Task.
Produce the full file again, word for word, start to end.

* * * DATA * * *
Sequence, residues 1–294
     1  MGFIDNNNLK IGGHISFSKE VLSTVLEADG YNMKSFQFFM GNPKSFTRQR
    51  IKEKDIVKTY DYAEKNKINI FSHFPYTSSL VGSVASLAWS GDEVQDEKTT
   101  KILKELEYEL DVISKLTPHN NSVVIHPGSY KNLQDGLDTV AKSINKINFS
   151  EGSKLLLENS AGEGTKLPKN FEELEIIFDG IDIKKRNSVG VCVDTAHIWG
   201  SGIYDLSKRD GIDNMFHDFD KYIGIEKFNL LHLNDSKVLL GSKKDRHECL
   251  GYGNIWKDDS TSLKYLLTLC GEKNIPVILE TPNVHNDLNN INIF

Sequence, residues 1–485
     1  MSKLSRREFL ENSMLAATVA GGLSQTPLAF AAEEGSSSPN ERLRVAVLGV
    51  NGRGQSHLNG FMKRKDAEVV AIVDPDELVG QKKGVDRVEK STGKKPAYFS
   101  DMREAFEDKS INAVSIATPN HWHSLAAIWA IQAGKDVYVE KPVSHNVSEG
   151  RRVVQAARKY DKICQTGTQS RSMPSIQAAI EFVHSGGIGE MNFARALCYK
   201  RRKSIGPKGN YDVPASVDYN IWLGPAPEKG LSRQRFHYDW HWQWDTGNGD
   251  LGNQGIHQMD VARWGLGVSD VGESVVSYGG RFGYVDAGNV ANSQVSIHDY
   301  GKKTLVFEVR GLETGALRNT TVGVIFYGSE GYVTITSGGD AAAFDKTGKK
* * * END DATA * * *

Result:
Sequence, residues 1–294
     1  MGFIDNNNLK IGGHISFSKE VLSTVLEADG YNMKSFQFFM GNPKSFTRQR
    51  IKEKDIVKTY DYAEKNKINI FSHFPYTSSL VGSVASLAWS GDEVQDEKTT
   101  KILKELEYEL DVISKLTPHN NSVVIHPGSY KNLQDGLDTV AKSINKINFS
   151  EGSKLLLENS AGEGTKLPKN FEELEIIFDG IDIKKRNSVG VCVDTAHIWG
   201  SGIYDLSKRD GIDNMFHDFD KYIGIEKFNL LHLNDSKVLL GSKKDRHECL
   251  GYGNIWKDDS TSLKYLLTLC GEKNIPVILE TPNVHNDLNN INIF

Sequence, residues 1–485
     1  MSKLSRREFL ENSMLAATVA GGLSQTPLAF AAEEGSSSPN ERLRVAVLGV
    51  NGRGQSHLNG FMKRKDAEVV AIVDPDELVG QKKGVDRVEK STGKKPAYFS
   101  DMREAFEDKS INAVSIATPN HWHSLAAIWA IQAGKDVYVE KPVSHNVSEG
   151  RRVVQAARKY DKICQTGTQS RSMPSIQAAI EFVHSGGIGE MNFARALCYK
   201  RRKSIGPKGN YDVPASVDYN IWLGPAPEKG LSRQRFHYDW HWQWDTGNGD
   251  LGNQGIHQMD VARWGLGVSD VGESVVSYGG RFGYVDAGNV ANSQVSIHDY
   301  GKKTLVFEVR GLETGALRNT TVGVIFYGSE GYVTITSGGD AAAFDKTGKK